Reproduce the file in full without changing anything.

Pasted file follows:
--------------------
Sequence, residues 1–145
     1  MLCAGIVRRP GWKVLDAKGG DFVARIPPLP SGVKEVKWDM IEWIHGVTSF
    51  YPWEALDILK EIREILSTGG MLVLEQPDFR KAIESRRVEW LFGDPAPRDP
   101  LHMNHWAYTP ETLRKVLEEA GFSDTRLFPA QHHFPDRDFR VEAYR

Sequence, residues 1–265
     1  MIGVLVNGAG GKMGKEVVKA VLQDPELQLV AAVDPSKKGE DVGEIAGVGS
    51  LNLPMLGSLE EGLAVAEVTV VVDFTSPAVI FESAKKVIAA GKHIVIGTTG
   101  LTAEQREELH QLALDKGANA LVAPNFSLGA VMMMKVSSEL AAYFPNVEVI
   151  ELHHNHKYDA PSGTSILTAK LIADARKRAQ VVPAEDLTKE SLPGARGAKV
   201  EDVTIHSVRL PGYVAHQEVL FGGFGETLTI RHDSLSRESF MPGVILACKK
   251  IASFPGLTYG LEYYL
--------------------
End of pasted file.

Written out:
Sequence, residues 1–145
     1  MLCAGIVRRP GWKVLDAKGG DFVARIPPLP SGVKEVKWDM IEWIHGVTSF
    51  YPWEALDILK EIREILSTGG MLVLEQPDFR KAIESRRVEW LFGDPAPRDP
   101  LHMNHWAYTP ETLRKVLEEA GFSDTRLFPA QHHFPDRDFR VEAYR

Sequence, residues 1–265
     1  MIGVLVNGAG GKMGKEVVKA VLQDPELQLV AAVDPSKKGE DVGEIAGVGS
    51  LNLPMLGSLE EGLAVAEVTV VVDFTSPAVI FESAKKVIAA GKHIVIGTTG
   101  LTAEQREELH QLALDKGANA LVAPNFSLGA VMMMKVSSEL AAYFPNVEVI
   151  ELHHNHKYDA PSGTSILTAK LIADARKRAQ VVPAEDLTKE SLPGARGAKV
   201  EDVTIHSVRL PGYVAHQEVL FGGFGETLTI RHDSLSRESF MPGVILACKK
   251  IASFPGLTYG LEYYL